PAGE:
What is tax pyramiding and why are there efforts to curtail it?
Legislation to reduce “pyramiding” in New Mexico’s tax code will likely be proposed this legislative session. While the move could provide relief for small businesses and consumers, it’ll also reduce the recurring revenue of the state’s gross receipts tax.
When Gov. Michelle Lujan Grisham proposed tax reforms in her State of the State address, she urged lawmakers to pass cuts to personal income and gross receipts taxes, while “implementing, in addition, common sense anti-pyramiding measures to make goods and services more affordable.”
So, what is pyramiding? Well, New Mexico’s gross receipt tax, unlike a sales tax, can be applied to all transactions — not just the final sale when a consumer makes a purchase. That means a product or service can be taxed multiple times along its supply chain — what’s called “pyramiding.”
If a business pays gross receipts tax on something it needs to make its product — like supplies or consulting — it might pass that cost along to its consumers. A customer then pays that higher price along with a gross receipt tax when they buy the product, basically paying the tax twice.
New Mexico has implemented anti-pyramiding measures before, including adding manufacturing services to an already long list of deductions last year. While many businesses and lawmakers on both sides of the aisle would likely welcome more, not everyone thinks it’s a good idea.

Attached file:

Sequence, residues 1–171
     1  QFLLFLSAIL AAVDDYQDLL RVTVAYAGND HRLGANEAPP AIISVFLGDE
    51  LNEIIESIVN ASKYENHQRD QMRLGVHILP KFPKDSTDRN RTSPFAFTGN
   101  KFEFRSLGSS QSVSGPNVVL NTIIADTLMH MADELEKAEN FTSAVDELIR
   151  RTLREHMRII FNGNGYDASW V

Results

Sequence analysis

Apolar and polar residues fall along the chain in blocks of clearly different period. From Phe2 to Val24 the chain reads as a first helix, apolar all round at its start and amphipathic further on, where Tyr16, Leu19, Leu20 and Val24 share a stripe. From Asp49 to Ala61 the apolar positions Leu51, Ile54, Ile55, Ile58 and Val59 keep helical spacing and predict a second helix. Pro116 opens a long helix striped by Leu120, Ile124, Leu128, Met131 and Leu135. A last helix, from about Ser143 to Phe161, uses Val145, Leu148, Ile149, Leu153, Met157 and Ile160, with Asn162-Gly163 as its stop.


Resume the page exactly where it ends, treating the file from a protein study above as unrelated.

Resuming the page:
“Let’s stop putting holes in the Swiss cheese of our tax base, and let’s tax everything at that rate,” New Mexico Voices for Children Senior Policy Advisor Bill Jordan told KUNM. “And, if we do, we can tax it at a lower rate.”
While reducing what’s subject to the GRT will lower how much it brings in, Lujan Grisham is not calling to raise its rate to balance that out. She’s calling to lower it again. It was reduced for the first time in 40 years last year, with another drop scheduled for July.
Spokesperson for the governor Nora Meyers Sackett says there’s no plan to make up that lost revenue, but noted the state expanded who pays GRT in recent years, creating more revenue, when it made large online retailers and recreational cannabis subject to the tax.
How much the recurring pot of money that accounts for about a third of the State General Fund will shrink will depend on the details of the anti-pyramiding proposal yet to be filed.
Sackett says it’s expected early this week and will focus on relief for small businesses that outsource their professional services.